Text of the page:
The dividing line between workers in this strict legal sense and self-employed individuals can be hard to draw, and there have been many legal disputes about this in recent years. Because of these legal uncertainties the Government has been urged to legislate to make the law more certain. However, in a recent response to consultation on this issue it has concluded that now is not the right time to start tinkering with the law.
There are in fact two kinds of workers: those that have the status of employees (and who benefit from additional rights such as protection from unfair dismissal) and those who are engaged under a contact to “perform work personally” but who are not in business on their own account. It is this second category of worker that can be hardest to distinguish from the genuinely self-employed.
The best-known example of a case grappling with this issue is the well-known Uber litigation, which was finally resolved by a ruling from the Supreme Court last year. In confirming the employment tribunal’s ruling that a group of Uber drivers should have been classified as workers, it stressed the courts had the power under employment legislation to ignore provisions in legal agreements which were designed nullify workers’ rights.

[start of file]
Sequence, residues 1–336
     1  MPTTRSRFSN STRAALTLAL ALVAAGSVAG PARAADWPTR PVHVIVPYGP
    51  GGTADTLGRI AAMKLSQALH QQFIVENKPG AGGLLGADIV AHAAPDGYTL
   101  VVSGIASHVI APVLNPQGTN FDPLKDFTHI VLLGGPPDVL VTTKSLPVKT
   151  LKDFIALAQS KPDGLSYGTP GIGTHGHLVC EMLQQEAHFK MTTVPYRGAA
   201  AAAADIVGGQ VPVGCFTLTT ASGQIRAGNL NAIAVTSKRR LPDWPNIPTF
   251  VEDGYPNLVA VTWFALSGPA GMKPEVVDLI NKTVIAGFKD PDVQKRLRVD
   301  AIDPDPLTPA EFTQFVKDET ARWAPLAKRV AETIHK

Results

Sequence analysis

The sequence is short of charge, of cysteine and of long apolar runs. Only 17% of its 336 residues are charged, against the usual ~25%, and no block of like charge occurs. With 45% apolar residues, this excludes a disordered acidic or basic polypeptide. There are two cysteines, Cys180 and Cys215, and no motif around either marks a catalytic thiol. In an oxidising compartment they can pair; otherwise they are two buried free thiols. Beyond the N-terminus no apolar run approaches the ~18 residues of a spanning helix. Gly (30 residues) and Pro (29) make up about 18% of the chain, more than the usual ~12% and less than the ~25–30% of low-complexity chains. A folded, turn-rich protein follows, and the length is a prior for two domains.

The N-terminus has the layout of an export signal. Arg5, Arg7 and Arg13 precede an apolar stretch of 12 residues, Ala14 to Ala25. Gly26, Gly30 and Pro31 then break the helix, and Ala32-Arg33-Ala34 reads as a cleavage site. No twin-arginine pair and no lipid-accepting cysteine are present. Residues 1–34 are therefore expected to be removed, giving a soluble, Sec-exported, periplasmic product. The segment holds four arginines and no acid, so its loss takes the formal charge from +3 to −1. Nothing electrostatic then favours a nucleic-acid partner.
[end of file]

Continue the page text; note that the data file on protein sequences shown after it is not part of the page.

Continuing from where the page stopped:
Cases since Uber have in the main been significantly more generous in giving workers the benefit of the doubt than some earlier rulings. The most recent example of this trend comes from a case involving the Nursing and Midwifery Council. A member of its fitness to practice committee has succeeded in establishing worker status, despite what many would regard as relatively tenuous links with the council. The Supreme Court has recently refused the council permission to appeal, meaning that in its view this is not a borderline case.
We are therefore in a situation where it is probably easier than ever to secure worker status, and businesses need be alive to the risk of miscategorising individuals whom they engage to work for them.
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